sun 21/07/2024

Glyndebourne

Giulio Cesare, Glyndebourne review - every number a winner from dazzling revival cast

How much better can a classic get? Sebastian Scotney more or less asked the same question on theartsdesk the last time Giulio Cesare returned in triumph to Glyndebourne. I never saw David McVicar’s justly famous production of what has to be Handel’s...

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The Merry Widow, Glyndebourne review - fun and frolics in the Embassy

Why would anyone want to stage a work like The Merry Widow in this day and age? Silly question. It’s the music, stupid. Of course, it’s an entertaining story and there are some good jokes. But I'd bet that if Heuberger had composed the music to this...

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Die Zauberflöte, Glyndebourne review - cornucopia of visual inventiveness eclipses everything else

Five years after it first clattered onto the Glyndebourne stage, André Barbe and Renaud Doucet’s visually exuberant Die Zauberflöte – featuring everything from dancing carcasses to a monster made out of blue-and-white crockery – continues to dazzle...

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Carmen, Glyndebourne review - total musical fusion

It’s what you dream of in opera but don’t often get: singers feeling free and liberated to give their best after weeks of preparation with a master conductor. Glyndebourne Music Director Robin Ticciati leads the way with a peerless London...

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Remembering conductor Andrew Davis (1944-2024)

As a human being of immense warmth, humour and erudition, Andrew Davis made it all too easy to forget what towering, incandescent performances he inspired. Now is a good time to recall those properly to mind, to listen to his huge discography, and...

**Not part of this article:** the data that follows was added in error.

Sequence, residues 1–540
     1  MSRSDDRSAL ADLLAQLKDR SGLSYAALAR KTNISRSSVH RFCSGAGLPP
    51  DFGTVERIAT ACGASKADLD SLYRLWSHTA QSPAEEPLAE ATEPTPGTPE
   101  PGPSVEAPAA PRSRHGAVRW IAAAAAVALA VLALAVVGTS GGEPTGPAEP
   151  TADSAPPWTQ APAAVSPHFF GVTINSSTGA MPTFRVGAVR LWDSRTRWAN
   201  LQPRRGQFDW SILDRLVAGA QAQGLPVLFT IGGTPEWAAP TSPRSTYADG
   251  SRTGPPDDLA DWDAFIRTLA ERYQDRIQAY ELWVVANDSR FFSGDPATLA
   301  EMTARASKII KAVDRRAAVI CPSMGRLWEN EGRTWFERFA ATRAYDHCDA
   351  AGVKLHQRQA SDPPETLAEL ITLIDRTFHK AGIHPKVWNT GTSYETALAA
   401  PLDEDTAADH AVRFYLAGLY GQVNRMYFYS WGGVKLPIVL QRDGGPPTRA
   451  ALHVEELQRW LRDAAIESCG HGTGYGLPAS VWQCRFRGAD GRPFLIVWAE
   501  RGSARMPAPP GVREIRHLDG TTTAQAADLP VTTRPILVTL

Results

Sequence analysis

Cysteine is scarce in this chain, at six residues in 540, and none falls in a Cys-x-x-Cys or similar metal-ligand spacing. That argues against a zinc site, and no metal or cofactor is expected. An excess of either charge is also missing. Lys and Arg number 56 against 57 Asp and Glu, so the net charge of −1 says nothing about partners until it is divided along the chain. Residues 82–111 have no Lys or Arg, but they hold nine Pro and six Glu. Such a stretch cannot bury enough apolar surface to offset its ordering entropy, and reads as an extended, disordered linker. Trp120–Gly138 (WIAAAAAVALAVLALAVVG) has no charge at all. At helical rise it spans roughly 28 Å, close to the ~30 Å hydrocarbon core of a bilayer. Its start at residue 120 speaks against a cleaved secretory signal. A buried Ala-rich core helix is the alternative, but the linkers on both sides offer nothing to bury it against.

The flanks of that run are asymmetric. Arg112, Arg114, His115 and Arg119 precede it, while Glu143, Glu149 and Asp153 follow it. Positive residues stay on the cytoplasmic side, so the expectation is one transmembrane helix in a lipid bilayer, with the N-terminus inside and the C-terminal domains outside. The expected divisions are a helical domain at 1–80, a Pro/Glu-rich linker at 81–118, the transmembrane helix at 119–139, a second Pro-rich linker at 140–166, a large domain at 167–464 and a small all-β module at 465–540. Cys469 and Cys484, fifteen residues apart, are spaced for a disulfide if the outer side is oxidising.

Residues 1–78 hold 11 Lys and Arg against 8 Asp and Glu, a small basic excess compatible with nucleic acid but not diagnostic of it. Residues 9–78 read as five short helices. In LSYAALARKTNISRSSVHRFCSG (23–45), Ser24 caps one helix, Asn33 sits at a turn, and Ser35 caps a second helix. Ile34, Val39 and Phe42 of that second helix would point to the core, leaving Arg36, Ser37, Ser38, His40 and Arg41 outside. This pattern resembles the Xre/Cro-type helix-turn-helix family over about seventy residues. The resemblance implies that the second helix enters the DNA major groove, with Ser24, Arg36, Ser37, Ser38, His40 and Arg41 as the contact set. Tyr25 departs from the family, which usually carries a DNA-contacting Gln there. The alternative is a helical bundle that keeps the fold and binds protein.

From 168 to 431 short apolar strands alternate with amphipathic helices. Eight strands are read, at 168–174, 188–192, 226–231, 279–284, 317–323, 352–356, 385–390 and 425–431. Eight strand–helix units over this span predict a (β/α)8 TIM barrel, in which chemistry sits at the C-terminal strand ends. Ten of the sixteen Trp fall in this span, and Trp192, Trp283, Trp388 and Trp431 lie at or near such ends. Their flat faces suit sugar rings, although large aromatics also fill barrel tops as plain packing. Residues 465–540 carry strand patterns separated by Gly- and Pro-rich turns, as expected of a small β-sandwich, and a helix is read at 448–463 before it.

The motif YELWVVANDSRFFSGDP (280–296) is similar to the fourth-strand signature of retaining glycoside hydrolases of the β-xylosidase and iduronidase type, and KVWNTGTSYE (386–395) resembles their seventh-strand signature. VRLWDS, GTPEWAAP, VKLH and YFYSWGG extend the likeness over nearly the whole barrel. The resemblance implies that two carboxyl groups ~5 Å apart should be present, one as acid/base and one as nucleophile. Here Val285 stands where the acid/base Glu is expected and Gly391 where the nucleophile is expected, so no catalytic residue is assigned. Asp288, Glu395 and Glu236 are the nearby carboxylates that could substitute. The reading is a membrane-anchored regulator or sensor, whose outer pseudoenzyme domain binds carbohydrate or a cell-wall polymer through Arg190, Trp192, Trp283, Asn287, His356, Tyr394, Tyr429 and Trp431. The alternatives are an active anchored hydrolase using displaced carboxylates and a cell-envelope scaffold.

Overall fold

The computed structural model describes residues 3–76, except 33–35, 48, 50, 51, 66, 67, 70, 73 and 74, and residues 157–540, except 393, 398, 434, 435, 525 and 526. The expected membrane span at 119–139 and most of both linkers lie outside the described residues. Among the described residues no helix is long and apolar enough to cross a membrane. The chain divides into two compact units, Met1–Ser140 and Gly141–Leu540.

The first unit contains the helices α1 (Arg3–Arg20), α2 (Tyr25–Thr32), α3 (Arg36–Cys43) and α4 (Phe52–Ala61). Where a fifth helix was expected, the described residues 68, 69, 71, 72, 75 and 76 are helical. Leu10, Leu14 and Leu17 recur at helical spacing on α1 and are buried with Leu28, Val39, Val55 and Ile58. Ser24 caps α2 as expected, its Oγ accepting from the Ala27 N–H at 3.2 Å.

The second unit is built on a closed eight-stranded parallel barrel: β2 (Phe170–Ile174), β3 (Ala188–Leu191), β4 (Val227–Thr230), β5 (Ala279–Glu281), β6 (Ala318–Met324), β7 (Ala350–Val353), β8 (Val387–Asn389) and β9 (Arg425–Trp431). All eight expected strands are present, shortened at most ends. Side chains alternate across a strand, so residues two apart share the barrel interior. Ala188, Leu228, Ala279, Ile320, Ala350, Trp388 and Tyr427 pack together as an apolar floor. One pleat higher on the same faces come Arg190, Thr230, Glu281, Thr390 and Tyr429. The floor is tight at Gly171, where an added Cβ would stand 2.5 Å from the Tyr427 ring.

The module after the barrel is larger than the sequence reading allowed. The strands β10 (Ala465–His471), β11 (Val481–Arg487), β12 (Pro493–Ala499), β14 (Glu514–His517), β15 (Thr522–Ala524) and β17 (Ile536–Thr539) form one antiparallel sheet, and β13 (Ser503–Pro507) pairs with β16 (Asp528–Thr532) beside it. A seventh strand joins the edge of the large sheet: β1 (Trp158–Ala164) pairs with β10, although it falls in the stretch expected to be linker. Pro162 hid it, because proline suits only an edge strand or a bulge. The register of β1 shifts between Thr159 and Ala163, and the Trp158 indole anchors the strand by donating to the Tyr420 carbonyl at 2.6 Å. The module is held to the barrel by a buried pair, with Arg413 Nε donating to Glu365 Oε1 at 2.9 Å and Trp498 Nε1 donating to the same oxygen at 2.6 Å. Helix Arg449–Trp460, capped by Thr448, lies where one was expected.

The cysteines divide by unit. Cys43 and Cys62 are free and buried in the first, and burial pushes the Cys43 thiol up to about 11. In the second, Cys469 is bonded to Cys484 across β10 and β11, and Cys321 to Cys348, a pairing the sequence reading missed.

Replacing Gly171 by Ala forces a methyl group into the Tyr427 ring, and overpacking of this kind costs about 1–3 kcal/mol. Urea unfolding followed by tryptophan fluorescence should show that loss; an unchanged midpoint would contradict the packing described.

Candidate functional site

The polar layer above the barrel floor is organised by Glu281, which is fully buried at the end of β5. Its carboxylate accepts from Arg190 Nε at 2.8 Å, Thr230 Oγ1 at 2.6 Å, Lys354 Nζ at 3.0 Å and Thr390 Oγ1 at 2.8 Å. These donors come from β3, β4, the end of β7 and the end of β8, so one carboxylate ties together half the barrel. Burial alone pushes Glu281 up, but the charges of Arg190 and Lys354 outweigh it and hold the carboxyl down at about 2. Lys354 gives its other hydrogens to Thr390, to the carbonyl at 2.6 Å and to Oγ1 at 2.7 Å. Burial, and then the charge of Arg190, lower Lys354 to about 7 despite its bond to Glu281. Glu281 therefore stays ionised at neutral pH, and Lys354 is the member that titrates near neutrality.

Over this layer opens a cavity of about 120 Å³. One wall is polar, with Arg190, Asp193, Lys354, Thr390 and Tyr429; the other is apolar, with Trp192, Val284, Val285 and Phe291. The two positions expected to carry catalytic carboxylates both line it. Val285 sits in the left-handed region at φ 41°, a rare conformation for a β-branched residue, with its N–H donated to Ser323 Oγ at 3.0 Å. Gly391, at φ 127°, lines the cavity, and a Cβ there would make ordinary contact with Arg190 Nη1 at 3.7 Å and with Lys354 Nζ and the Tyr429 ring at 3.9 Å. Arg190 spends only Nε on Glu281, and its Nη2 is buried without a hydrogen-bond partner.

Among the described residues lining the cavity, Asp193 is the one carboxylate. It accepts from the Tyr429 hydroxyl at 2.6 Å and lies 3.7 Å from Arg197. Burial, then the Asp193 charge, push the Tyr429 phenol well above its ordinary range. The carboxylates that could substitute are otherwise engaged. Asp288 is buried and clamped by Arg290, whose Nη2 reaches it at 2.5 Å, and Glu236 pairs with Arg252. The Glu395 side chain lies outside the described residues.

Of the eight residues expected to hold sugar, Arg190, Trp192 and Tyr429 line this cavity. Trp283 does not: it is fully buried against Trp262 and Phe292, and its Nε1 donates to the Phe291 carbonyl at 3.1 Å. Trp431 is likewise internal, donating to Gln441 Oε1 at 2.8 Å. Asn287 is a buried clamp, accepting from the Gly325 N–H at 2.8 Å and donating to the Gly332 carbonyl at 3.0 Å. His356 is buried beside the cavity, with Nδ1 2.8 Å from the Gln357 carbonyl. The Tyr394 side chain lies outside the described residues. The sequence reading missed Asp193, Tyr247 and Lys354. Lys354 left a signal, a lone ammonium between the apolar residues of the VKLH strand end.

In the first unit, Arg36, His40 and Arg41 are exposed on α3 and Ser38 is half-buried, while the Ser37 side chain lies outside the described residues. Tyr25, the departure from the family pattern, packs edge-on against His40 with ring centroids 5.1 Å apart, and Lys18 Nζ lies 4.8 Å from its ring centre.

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Best of 2023: Opera

Choosing a limited best seems almost meaningless when even simply the seven operatic experiences I've relished in the run-up to Christmas (nothing seasonal) deserve a place in the sun. But in a year which has seen Arts Council devastation versus...

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Semele, Glyndebourne review - the dark side of desire

It never rains but it pours – and hails, snows or, above all, thunders. The presiding tone of Semele, in Adele Thomas’s new production for Glyndebourne, matches the current English summer with its grey skies, glowering clouds and stormy outbursts....

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Dialogues des Carmélites, Glyndebourne review - faith overwhelmed by horror

Harrowing and holiness alternate in Poulenc’s unique masterpiece, nominally an opera about nuns during the French revolution, at a deeper level a music-drama about the greatest disturbances in the human condition. Glyndebourne’s cast, conductor and...

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Don Giovanni, Glyndebourne review - stunning, exuberant production reveals human nature in all its complexity

Why stage Don Giovanni in a post #MeToo world? That’s the question most frequently being asked about Mariame Clément’s new production for Glyndebourne and on its opening night she delivered a response that was as conceptually subtle as it was...

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First Person: soprano Soraya Mafi on why Glyndebourne's tour cancellation is disastrous

Anyone concerned about making the arts accessible regardless of where they live should be concerned by the recent announcement from Glyndebourne that it’s having to cease touring across England.That painful decision, and Welsh National Opera’s...

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La bohème, Glyndebourne Tour review - Death and the Parisienne doing the rounds

The sopranos are Ethiopian-Italian and Hispanic-American, the tenor Uzbek, the baritones South African (no EU principals, but it seems you can't have everything). This is opera at its best: the cream of international singers coming together to make...

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First Persons: Glyndebourne's sustainability advisers Sara and Jeremy Eppel on creating eco-friendly opera

Like the beacons saving ships from the Cornish rocks in Ethel Smyth’s opera, The Wreckers, which opened this year’s Glyndebourne Festival, the Sussex opera house has itself become a beacon of more environmentally sustainable opera. In 2021, with the...

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